When we first introduced Adlai Pennington on these pages, we discovered a classic car collector who pursued the hobby somewhat differently than any of the others we’ve written about in our more than 100 car stories.
Readers may recall that his passion was to find rare, unmodified, unaltered, and unrestored vehicles and keep them just as they were when added to his collection of 20-plus unique models. Doing so means that he can say with confidence, “there’s not another one out there like this.”
If he was to enter any of them in competition, his would be in the “survivor” or “preservation” class. Some may even be called a “rust bucket” and there’s a good chance the one we are looking at here could have fallen into that forlorn category, except for one thing.
Unpredictably, Adlai decided to restore this end-of-the-era, 1956 Packard Four Hundred.
“A guy who knows the kind of cars I like called me up and asked if I wanted this one. Sight unseen, I said I would take it. He brought it over on the back of a truck. It was an awful mess of rust and overall deterioration; the wheels were locked up, so it wouldn’t roll off. I wondered how he got it onto the truck.
“The only solution was to back the truck up to the edge of my creek bank, hook the car to a backhoe, and pull it off onto the ground. And there it sat for a very long time until I got the idea that it may be time to bring it back to life – if such a result would even be possible.”
To start the venture, he found a specialist who could restore the rusted exterior parts of the body and make it ready for paint. And that’s where the project stands today – if you look no closer than the outside of the car, it appears to be the correct Packard color scheme and a nice example of one of the last of its kind.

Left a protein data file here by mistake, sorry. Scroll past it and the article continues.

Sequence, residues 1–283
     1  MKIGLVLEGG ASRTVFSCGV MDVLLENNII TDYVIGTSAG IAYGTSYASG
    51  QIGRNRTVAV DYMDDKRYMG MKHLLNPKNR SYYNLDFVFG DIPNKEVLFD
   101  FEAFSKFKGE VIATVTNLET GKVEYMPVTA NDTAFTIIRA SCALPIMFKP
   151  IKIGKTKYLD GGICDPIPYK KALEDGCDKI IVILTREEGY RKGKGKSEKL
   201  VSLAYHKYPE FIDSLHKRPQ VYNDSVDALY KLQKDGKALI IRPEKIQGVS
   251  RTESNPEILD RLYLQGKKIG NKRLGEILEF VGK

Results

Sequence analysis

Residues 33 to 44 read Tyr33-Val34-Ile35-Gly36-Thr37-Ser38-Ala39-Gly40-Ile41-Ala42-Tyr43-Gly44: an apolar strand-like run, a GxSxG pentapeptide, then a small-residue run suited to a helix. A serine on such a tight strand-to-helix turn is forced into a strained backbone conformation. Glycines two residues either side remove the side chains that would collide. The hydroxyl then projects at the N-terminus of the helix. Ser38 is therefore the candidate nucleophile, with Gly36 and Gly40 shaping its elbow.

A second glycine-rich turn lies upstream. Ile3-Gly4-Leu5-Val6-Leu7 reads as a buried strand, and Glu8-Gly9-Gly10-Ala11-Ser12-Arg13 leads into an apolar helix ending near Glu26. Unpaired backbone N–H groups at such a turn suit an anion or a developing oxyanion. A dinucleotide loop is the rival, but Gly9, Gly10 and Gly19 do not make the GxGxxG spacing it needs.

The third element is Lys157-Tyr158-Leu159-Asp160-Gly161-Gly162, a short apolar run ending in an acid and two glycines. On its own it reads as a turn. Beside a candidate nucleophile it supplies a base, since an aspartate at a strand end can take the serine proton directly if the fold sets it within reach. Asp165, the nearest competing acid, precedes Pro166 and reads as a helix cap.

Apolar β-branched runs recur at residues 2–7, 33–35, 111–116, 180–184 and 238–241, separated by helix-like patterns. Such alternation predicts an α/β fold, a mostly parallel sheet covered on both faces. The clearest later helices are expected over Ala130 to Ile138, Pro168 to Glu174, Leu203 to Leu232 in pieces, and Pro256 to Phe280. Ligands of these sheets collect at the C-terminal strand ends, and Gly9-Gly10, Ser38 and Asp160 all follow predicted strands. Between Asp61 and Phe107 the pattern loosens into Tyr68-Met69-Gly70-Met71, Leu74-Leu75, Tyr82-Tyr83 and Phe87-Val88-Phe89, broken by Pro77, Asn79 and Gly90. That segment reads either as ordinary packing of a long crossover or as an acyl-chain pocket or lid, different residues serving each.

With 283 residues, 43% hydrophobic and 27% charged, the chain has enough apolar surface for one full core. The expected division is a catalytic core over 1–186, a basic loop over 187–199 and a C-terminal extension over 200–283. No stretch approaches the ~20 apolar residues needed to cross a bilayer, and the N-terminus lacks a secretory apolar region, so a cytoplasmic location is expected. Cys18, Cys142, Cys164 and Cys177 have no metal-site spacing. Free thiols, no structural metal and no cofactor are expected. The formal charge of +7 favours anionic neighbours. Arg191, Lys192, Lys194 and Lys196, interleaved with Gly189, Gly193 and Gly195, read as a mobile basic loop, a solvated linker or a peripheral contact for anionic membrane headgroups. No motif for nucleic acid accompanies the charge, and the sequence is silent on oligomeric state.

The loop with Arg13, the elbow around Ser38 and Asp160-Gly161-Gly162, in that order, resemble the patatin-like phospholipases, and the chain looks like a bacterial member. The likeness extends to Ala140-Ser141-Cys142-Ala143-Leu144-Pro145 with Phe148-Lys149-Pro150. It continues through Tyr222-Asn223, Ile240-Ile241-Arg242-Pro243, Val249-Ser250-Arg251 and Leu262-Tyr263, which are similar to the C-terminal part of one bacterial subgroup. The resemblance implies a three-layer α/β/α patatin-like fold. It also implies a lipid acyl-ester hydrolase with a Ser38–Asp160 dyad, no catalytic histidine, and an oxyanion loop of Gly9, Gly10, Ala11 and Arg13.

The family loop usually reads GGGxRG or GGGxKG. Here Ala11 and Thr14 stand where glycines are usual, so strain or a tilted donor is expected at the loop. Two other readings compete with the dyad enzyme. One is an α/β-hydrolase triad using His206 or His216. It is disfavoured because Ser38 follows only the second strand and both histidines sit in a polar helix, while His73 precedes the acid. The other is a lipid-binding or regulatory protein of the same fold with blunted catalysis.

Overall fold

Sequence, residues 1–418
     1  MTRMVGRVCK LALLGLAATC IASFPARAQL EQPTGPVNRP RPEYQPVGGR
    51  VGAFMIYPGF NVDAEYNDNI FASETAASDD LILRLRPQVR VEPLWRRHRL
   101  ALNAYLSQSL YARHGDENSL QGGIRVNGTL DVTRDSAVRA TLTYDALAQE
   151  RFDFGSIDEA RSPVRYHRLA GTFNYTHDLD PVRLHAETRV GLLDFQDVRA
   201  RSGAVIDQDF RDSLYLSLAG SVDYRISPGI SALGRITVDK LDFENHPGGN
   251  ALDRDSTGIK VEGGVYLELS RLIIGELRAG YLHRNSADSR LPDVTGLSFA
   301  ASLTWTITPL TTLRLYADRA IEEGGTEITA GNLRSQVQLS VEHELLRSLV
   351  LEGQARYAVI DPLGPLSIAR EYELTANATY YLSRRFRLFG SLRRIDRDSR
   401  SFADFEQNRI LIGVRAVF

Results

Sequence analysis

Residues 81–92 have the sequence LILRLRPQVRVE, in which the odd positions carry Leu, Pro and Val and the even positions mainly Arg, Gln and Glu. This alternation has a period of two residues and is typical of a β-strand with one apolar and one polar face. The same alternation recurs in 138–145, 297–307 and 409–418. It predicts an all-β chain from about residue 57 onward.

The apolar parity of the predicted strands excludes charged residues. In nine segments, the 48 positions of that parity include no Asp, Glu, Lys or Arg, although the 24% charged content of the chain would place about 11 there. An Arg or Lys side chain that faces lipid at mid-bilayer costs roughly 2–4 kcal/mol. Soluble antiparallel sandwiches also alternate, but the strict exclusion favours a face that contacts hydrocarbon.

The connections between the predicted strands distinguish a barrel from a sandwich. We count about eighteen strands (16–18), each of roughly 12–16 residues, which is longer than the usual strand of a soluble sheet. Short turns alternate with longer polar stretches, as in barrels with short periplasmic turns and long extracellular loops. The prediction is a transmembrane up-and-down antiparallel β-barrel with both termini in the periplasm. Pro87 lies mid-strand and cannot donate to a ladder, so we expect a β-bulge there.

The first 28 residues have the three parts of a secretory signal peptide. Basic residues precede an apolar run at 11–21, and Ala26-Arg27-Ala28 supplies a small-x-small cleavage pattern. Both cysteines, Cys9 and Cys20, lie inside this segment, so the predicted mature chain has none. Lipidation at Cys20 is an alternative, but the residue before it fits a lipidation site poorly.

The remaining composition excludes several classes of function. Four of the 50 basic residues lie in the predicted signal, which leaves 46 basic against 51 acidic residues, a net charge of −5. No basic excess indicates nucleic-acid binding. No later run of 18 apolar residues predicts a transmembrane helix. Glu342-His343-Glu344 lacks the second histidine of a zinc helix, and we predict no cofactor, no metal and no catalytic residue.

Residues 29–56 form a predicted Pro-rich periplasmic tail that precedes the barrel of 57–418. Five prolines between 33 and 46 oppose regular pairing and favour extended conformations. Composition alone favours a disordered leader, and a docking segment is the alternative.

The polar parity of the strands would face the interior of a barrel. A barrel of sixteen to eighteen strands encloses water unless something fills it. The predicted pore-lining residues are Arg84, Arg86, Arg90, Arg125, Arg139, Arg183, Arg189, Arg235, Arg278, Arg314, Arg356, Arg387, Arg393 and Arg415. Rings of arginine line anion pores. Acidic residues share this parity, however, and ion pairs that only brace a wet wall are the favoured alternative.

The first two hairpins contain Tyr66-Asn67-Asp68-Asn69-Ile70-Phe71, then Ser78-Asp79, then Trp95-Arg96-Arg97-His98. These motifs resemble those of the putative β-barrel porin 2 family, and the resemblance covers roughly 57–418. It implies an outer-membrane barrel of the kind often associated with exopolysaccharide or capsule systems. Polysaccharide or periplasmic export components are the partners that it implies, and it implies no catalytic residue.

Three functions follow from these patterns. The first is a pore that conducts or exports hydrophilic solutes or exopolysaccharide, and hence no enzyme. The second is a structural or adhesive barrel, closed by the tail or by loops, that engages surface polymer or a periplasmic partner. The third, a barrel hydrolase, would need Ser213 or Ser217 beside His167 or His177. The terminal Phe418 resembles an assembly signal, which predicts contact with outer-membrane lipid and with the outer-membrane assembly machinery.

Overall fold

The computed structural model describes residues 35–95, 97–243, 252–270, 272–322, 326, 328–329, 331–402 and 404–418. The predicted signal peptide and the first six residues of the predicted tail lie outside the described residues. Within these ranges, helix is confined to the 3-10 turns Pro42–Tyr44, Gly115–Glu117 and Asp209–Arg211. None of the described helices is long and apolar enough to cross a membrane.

However, the internal condition, as dramatically revealed on the preceding page, is another story. “I’m going to get the interior restored, “Adlai explains, “and then see what needs to be done under the hood to get her running again!”
While that sounds like a good plan, a great deal of work lies ahead (to state the obvious), as everything from the frame up, including the floor itself, is going to have to be replaced before seats, upholstery, carpet, and the other finishes required to make the inside as nice as the outside.
And, as daunting as it may seem, there’s a mechanic out there somewhere who can get that big 4-stroke, 374 V8 engine running, and Adlai will find just the expert he needs.
When he will have something different, while still unique as the last of the true Packard line of a pre-depression, pre-war brand that once was generally considered the finest American-made automobile on the market.
That will also ensure no one will call it a “rust bucket,” and it can proudly compete with other restored classics at any car show. He can, as well, show it off cruising around town and sharing it with car lovers everywhere.
Adlai promised to let me know when it was all finished so I could bring this story to a conclusion. So, we’ll provide some “after photos” of this 66-year old project to compare with those featured in our story this month.